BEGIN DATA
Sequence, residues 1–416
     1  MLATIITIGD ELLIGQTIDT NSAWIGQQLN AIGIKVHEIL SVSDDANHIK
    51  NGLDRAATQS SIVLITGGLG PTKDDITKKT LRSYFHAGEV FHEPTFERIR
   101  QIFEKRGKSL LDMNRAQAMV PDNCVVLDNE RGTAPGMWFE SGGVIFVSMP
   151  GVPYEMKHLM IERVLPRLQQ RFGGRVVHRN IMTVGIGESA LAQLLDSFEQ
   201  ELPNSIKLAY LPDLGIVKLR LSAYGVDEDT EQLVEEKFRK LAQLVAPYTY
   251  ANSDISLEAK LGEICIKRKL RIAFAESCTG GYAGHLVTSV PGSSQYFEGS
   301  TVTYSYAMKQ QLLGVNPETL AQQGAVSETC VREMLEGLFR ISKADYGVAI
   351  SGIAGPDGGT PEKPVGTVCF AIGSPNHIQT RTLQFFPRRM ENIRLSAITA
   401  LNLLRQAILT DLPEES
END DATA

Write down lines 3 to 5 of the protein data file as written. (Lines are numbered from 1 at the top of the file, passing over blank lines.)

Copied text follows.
    51  NGLDRAATQS SIVLITGGLG PTKDDITKKT LRSYFHAGEV FHEPTFERIR
   101  QIFEKRGKSL LDMNRAQAMV PDNCVVLDNE RGTAPGMWFE SGGVIFVSMP
   151  GVPYEMKHLM IERVLPRLQQ RFGGRVVHRN IMTVGIGESA LAQLLDSFEQ